Thursday, September 13, 2007

Stigma can be a b*tch

This is a picture I took on the bus this morning. These, sitting by themselves without an owner in sight, are peach pits. They are saliva-soaked perishables left out in the open by an inconsiderate ASS. I could not believe my eyes so I took a picture and now I can't believe my camera.

Can I be honest? I love public transportation. I love the trolley that operates here in San Diego. Its air conditioning is cold, its punctuality is excellent and the ride to school is smooth. I also like the bus. Yes, I like the bus. I have air conditioning and satellite radio and a smooth ride in my car but I take the bus because I like it. Reading while driving is difficult and dangerous but reading on the bus is allowed. You don't get a lot of walking done when you drive but when you take the bus you're walking all the time. You are also forced to slow down, take it easy, let things happen. I'll be honest: these are all things I need to improve on.

The bus is also humbling. How do I know this? Because I shared a bus ride with two peach pits that some animal left on the bus for another person to pick up. I've shared the bus with newspapers left all over 5 seats for no reason. I shared a trolley ride with a man dressed in camouflage yelling about conspiracies at 7 am. I've sat next to people that smelled so atrocious that I would be surprised if the experience didn't contribute just slightly to the decline of my overall health.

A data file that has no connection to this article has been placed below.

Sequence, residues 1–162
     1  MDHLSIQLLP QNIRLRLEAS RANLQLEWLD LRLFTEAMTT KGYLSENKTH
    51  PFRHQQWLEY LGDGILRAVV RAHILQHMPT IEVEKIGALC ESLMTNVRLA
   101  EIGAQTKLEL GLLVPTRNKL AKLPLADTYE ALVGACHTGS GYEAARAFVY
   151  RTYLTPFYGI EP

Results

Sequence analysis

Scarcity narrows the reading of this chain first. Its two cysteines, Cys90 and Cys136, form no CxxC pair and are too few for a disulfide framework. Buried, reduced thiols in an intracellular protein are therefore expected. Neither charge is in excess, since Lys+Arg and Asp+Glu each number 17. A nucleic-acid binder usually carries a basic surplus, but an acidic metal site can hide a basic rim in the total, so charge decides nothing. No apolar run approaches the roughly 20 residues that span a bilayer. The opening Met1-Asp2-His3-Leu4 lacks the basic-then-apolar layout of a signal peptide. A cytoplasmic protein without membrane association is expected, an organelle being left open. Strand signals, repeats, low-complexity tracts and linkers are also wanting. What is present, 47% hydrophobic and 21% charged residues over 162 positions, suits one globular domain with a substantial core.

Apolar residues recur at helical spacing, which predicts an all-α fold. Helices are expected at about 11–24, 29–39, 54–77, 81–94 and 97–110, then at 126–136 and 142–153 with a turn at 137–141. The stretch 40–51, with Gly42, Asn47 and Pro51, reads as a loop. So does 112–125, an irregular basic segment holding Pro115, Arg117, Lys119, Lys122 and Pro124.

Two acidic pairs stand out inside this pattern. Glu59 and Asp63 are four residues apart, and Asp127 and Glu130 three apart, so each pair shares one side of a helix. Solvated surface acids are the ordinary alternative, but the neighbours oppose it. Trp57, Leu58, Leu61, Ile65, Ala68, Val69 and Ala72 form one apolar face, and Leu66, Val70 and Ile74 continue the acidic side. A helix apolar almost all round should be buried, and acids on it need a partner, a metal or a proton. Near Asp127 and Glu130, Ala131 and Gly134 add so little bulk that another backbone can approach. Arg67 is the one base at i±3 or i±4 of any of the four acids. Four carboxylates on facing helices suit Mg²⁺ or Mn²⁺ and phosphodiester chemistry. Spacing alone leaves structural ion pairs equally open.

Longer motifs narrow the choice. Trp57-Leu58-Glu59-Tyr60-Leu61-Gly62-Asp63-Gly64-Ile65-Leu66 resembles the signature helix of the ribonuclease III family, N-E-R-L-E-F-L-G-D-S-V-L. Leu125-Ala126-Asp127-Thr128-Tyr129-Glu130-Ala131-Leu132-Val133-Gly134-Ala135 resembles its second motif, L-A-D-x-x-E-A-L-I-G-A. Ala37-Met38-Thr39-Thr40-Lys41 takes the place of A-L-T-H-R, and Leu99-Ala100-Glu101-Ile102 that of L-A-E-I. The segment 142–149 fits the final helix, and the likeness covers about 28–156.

There is a stigma attached to the bus for all these reasons but I just can't get enough. I don't like filling up my gas tank, I don't want to jockey for parking with college students and I drive like crap in the morning sometimes. Buses and trolleys and trains are running all the time, just waiting to pick someone up.

Try it out sometime; plan a route and take the bus. Look up the times online, grab your $2.25 and wait a few minutes. Think about the extra time it took you to get somewhere and wonder whether it was really lost time. Make this "lost time" count and see how you feel. Experience a little humanity from the front lines. Save the miles, save the gas, save the stress, ride a bus.

And thank the driver on your way out. The poor guy/gal has a heck of a job sometimes.

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